Session 11C.5 Analysis of tropical storm-tornadoes and their environments

Wednesday, 30 April 2008: 2:15 PM
Palms H (Wyndham Orlando Resort)
Lori A. Schultz, University of Alabama at Huntsville, Huntsville, AL; and D. J. Cecil and C. C. Crowe

Presentation PDF (186.8 kB)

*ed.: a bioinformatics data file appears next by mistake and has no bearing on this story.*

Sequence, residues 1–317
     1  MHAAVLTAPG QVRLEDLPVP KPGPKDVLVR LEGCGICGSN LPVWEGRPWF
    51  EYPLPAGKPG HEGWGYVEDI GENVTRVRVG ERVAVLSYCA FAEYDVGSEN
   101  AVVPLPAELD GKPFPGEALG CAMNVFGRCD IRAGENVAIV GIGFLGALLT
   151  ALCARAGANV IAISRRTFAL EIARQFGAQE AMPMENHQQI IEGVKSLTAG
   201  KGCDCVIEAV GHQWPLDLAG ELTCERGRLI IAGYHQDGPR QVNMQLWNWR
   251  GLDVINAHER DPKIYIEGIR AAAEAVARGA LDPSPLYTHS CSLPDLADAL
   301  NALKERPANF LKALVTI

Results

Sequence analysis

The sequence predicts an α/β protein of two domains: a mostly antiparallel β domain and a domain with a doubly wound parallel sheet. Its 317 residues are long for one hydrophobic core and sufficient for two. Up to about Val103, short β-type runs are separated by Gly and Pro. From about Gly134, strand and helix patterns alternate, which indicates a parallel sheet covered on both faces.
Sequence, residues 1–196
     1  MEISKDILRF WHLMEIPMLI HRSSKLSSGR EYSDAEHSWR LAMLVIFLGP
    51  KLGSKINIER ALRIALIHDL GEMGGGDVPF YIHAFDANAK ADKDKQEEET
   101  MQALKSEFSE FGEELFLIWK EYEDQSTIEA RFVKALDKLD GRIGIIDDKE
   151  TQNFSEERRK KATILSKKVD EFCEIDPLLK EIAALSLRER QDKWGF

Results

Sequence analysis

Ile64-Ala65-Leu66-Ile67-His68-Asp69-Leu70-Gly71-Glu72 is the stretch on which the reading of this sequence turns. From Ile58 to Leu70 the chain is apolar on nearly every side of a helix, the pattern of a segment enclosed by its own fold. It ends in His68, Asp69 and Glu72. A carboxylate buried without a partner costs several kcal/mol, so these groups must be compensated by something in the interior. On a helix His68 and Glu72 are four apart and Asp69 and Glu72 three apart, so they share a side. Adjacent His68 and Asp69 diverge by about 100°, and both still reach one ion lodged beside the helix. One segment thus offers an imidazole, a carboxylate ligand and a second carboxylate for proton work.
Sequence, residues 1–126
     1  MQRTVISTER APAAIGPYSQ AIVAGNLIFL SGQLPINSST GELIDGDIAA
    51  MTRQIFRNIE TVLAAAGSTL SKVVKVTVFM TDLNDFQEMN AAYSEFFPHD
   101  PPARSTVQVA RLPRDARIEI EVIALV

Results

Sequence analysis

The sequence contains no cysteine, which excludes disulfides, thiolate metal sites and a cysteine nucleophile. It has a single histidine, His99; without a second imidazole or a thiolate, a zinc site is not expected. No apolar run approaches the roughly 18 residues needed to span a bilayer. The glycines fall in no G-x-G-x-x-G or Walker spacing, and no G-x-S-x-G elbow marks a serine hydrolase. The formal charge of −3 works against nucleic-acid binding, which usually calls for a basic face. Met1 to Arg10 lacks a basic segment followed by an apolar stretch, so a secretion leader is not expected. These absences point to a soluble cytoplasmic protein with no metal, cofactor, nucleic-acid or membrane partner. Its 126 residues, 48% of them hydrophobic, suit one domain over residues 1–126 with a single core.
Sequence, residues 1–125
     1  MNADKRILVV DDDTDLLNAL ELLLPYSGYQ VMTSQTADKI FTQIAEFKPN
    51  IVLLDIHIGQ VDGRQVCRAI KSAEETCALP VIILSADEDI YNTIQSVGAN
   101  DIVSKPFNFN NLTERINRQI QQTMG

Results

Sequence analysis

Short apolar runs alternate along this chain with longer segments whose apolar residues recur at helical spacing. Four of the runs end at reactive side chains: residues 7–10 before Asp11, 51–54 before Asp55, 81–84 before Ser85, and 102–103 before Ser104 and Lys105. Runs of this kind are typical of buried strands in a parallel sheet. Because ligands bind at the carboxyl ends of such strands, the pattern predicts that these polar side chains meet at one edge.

From 2000-2005, over 700 tropical storm-spawned tornadoes have struck the United States, with over 90% of them F1 or below. These small vortices are difficult to detect on radar, making them quite difficult to predict and warn on with any repeatable skill. A climatology study looking at the validity of the past assumptions in what we know about tornadoes formed in/by a hurricane has been put together using the Hurricane Best Track Files (HURDAT) database as put out by the Hurricane Research Division (HRD). The data set was made available on the National Hurricane Center's (NHC) website which was used in conjunction with the ASCII Tornado Data (ONETOR) database as found on the Storm Prediction Center's (SPC) archived storm reports page. It is possible to limit the search by range, azimuth, month of occurrence, and number of tornadoes associated with the storm. Additionally, a map of storm track, size, and paths of tornadoes relative to the storm's track can quickly be plotted alongside statistics including number of tornadoes by f-scale, damage estimates, fatalities, and other like data. The entire 50+ year span of storms is being reviewed looking to further solidify or disprove any previous hypotheses concerning the likelihood of occurrence in specific quadrants of the storm (right front), time span after landfall (hours to days), and range from the center of the hurricane (core tornado vs. rainband tornado). The majority of hurricane spawned tornadoes occurred between 360° and 120° , relative to the storm's forward motion, which is in agreement with previous work. Another result, as can be seen in the attached figure, further confirms the majority of the storms occur within 200-400 km of the coast. From the climatological studies, particular cases will be examined to look at the conditions and mechanisms associated with tornado-genesis using available radar products and satellite imagery. These include vertical shear characteristics, especially those associated with the outer rainbands, and evidence of dry air intrusion, hypothesized to enhance the thermodynamic environment, making it more favorable to storm genesis. Additionally, study will be done on the evolution of the embedded storm structure in the outer rainbands in two regimes: (i) while the hurricane center is over water and the rainbands are making landfall, and (ii) in the decaying stages of the tropical storm, possibly a day or two after landfall. This section of the analysis generally follows the work outlined in McCaul et al., 2004 where the TC Beryl outbreak was looked at in depth. The intent of this work is to define characteristics that distinguish landfalling hurricanes and tropical storms with tornadic threats in general, and to distinguish the embedded tornadic cells in particular from other suspicious, yet non-tornadic, cells

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